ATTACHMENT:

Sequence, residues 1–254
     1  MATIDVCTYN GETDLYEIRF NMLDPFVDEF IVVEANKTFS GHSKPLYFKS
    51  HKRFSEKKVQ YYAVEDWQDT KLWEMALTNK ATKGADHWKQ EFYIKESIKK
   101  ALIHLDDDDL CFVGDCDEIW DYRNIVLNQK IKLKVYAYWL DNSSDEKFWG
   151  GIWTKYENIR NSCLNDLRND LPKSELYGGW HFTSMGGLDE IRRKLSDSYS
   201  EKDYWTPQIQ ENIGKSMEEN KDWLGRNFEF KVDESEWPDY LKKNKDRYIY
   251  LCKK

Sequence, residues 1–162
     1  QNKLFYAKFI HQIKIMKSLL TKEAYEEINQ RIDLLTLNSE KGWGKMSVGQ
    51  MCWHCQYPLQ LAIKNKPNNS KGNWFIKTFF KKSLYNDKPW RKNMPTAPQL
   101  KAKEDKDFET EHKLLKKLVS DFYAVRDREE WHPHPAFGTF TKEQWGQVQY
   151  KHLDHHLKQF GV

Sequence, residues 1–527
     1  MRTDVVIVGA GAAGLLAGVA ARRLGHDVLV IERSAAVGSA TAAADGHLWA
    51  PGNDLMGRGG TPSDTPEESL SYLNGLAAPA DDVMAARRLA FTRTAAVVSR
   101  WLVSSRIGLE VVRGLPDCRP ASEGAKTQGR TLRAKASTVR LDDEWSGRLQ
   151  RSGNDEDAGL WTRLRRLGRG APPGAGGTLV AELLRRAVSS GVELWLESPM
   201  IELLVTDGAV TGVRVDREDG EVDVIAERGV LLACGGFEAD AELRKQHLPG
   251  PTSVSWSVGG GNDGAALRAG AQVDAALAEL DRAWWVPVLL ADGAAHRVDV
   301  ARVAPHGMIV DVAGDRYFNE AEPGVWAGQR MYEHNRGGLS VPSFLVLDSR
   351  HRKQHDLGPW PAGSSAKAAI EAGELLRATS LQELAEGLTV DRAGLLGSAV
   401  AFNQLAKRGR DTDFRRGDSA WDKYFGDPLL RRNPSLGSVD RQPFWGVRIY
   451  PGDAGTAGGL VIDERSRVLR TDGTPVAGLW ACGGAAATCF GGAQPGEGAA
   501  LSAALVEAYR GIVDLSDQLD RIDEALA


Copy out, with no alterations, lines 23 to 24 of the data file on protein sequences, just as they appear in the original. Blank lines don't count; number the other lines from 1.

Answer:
   451  PGDAGTAGGL VIDERSRVLR TDGTPVAGLW ACGGAAATCF GGAQPGEGAA
   501  LSAALVEAYR GIVDLSDQLD RIDEALA